The passage from Joshua challenges an easy pluralism or laissez faire relativism. It also challenges the parochial and materialistic gods of our culture and the “practical polytheism” of following the gods of the moment, including the gods of consumerism, nationalism, and ideology. Following one God requires a type of faithful – albeit open-spirited – commitment to a particular vision of reality and way of life that may be at cross purposes from the values of other religious traditions. All religions are not alike, nor do all roads lead to the same destination. Nor should we follow any politician without reservations. Further, some visions of God are healthier and more insightful than others. In a pluralistic age, we can incorporate the wisdom of other religious traditions, but still we must choose to see Christ as the lens through which we encounter other faiths and their spiritual practices. This does not preclude Christians practicing yoga, reiki, tai chi, or Buddhist meditation. It does challenge us to integrate these practices with our Christian commitments and fidelity to Christ. (For more on such integration, see Bruce Epperly, The Energy of Love: Reiki and Christian Healing and Bruce and Katherine Epperly, Reiki Healing Touch and the Way of Jesus.)
Like Joshua, the Psalmist sees our faithfulness as grounded in remembering what God has done and trusting what God will do in the future.
The reading from Thessalonians is about hope, not world-destroying apocalyptic. Death and grief were real in the early church just as they are today. Denial is not the answer, nor is the suppression of our pain. Healthy grief comes from a vision of reality in which we affirm that our times are in God’s hands and that nothing can separate us from the love of God. We can grieve, cry, yell, and swear, knowing that God is with us, treasuring our feelings and memory of those we loved. Moreover, the future is in God’s hands; the end of the world as we know it is the prelude to God’s everlasting adventures.
Most of our congregants are not focused on an apocalyptic Second Coming or the rapture of the saints in the air. Those doctrines have left in their wake injustice and ecological destruction, and turning heavenward while abandoning the earth to the “powers and principalities,” the forces of evil in high governmental, business, and political places. We need to be both heavenly minded and earthly good.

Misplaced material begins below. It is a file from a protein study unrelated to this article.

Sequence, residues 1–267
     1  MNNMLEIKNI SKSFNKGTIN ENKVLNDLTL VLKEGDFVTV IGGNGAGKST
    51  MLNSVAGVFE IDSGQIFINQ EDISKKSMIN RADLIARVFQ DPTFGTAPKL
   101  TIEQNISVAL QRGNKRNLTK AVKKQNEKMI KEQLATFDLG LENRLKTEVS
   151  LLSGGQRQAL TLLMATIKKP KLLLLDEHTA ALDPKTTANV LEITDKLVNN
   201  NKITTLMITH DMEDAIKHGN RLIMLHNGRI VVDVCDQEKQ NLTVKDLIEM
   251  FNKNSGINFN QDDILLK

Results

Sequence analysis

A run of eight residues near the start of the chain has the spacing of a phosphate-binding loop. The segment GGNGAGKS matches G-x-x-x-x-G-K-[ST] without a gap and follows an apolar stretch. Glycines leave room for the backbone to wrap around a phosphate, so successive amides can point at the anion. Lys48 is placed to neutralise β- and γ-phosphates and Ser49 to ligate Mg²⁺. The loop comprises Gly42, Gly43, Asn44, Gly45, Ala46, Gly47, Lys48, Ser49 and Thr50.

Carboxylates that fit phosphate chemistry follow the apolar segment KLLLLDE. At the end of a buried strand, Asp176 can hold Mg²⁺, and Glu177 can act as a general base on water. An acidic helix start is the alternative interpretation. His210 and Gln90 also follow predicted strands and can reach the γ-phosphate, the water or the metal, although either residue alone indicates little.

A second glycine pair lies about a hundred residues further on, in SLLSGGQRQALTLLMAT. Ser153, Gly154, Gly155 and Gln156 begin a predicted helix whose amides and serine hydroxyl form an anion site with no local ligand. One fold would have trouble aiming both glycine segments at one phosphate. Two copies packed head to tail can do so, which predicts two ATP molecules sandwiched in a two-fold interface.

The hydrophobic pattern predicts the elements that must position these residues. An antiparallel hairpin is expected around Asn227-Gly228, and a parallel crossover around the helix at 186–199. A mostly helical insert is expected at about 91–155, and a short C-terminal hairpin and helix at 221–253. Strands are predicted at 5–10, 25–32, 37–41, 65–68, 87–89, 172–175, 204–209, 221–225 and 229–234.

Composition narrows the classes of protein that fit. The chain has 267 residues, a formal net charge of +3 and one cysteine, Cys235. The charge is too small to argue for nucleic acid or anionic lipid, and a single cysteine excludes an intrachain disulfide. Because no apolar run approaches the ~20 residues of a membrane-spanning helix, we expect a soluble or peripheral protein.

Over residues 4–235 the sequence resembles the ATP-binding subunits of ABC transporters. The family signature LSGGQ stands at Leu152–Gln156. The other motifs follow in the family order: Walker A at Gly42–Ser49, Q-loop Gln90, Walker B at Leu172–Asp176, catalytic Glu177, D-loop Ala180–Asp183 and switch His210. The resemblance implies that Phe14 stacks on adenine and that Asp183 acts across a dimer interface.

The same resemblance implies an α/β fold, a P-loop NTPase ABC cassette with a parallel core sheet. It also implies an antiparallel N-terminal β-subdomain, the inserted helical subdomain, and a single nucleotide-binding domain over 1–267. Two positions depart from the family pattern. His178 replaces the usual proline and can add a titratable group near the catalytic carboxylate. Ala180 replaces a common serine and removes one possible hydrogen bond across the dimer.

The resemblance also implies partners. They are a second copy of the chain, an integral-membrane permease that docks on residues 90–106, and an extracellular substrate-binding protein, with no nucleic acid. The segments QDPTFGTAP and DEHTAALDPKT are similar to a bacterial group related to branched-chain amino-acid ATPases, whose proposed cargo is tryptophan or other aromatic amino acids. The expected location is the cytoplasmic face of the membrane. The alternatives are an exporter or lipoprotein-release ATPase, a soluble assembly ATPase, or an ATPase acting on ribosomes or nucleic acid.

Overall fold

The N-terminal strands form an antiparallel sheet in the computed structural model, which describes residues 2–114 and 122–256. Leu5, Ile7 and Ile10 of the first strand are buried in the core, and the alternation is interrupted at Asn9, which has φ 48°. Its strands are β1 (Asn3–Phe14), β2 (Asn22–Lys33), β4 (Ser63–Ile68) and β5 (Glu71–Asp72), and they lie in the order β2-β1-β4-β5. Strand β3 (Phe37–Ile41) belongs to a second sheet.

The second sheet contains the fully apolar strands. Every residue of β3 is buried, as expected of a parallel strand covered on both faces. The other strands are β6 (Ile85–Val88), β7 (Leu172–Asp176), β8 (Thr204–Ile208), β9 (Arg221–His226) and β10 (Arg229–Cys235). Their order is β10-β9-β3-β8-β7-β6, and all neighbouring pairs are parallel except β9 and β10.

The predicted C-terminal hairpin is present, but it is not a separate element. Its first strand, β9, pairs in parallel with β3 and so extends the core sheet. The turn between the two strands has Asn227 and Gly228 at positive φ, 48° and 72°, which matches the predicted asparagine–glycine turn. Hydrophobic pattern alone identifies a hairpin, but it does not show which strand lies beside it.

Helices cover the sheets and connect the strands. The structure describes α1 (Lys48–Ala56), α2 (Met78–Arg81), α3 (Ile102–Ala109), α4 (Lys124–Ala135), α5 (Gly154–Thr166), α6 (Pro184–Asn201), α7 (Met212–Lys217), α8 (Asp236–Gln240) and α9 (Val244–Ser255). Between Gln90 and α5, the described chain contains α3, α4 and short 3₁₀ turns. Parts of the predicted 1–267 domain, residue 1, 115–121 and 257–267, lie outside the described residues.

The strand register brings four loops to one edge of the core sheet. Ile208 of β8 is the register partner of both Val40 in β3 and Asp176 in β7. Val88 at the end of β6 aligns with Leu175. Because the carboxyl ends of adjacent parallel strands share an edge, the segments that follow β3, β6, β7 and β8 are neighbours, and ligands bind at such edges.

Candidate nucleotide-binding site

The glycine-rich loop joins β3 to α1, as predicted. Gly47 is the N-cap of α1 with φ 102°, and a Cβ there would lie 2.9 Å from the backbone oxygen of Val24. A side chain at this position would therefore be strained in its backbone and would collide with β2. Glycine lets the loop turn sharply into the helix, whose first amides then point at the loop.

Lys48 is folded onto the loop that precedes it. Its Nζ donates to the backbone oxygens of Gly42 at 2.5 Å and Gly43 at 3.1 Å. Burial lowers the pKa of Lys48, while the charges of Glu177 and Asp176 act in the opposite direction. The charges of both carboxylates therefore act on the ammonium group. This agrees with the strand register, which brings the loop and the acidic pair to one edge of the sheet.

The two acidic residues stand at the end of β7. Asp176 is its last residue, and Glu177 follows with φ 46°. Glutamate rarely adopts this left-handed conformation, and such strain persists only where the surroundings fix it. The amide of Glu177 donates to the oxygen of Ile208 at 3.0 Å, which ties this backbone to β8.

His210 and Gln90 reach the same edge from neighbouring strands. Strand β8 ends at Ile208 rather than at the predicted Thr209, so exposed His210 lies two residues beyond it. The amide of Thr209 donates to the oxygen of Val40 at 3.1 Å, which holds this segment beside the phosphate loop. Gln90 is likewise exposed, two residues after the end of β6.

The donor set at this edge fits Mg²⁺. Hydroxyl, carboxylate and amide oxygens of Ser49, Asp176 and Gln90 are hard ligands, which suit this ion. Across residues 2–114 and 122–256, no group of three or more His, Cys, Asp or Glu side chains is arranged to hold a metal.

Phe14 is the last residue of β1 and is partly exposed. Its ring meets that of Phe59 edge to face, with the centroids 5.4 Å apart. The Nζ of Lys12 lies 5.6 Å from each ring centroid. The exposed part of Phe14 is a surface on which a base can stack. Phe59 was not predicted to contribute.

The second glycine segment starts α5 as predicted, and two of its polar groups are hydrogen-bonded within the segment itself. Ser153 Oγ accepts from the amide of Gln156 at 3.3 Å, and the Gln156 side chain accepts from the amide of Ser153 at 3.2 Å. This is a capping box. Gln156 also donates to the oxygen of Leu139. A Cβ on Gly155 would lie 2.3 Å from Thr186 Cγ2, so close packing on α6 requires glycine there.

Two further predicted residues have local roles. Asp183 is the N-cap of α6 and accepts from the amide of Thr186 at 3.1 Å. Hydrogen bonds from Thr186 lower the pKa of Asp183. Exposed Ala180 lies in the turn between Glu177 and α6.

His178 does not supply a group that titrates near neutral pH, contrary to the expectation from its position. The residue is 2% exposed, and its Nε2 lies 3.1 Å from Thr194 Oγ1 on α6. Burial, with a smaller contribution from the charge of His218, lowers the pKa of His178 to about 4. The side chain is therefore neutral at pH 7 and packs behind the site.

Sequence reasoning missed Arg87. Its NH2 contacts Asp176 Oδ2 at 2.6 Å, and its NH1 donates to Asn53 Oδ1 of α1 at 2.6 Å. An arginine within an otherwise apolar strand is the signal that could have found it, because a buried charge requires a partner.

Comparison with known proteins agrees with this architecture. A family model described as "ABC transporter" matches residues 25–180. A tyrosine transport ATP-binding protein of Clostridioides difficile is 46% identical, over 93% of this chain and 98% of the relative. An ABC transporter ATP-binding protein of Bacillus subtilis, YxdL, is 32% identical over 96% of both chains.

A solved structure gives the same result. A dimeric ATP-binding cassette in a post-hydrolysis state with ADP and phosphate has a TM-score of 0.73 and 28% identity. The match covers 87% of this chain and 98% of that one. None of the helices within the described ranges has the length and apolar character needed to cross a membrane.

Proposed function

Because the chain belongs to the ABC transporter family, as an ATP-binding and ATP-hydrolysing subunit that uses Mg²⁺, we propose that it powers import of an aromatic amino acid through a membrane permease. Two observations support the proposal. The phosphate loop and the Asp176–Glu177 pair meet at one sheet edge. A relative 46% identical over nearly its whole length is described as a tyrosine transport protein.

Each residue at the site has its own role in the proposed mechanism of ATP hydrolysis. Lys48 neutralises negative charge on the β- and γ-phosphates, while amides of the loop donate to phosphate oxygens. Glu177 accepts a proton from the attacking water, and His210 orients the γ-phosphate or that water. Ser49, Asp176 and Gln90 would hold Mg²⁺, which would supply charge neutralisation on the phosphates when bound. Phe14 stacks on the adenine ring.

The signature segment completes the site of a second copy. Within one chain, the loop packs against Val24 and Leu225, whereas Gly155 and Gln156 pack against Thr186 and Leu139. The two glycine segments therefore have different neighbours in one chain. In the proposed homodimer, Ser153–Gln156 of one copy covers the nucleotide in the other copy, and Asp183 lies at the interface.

The story of the vice and foolish bridesmaids, found in Matthew 25, counsels preparation and wakefulness. We never know when the bridegroom will come, that is, we never know when we will be called upon to respond to God’s call. The vagueness of Messianic appearances is good, a rather than bad, news. Vagueness inspires us to see every encounter as holy, an opportunity to love God by loving God’s children. God is always coming to us: we don’t have to wait for a God-directed end-times scenario to experience God’s presence.
The passage, however, begs the questions: Would sharing among the maidens have been possible? How would this story differ if the maidens shared their resources or invited their companions to join them in the vigil? The point of the story is awareness of God’s coming into our lives, but we need not imitate the insider-outsider aspects of the story. God’s coming into our lives awakens our charity for others, even those who are ill-prepared for divine visitations.
Faithfulness to the wisdom of God found in our faith is life-transforming. Still, our commitment should foster what philosopher Alfred North Whitehead described as world-loyalty and not parochial in-group, out-group attitudes and behaviors. Following the One God may be the greatest inspiration to look beyond our own ego-interests, mean-spirited patriotisms and ideologies, to seek the well-being of God’s creation and humankind in all times and places.
Bruce Epperly is a Cape Cod pastor, professor, and author of over fifty books including PROCESS THEOLOGY AND POLITICS; FAITH IN A TIME OF PANDEMIC; HOPE BEYOND PANDEMIC; GOD ONLINE: A MYSTIC’S GUIDE TO THE INTERNET; and PROPHETIC HEALING: HOWARD THURMAN’S VISION OF CONTEMPLATIVE ACTIVISM.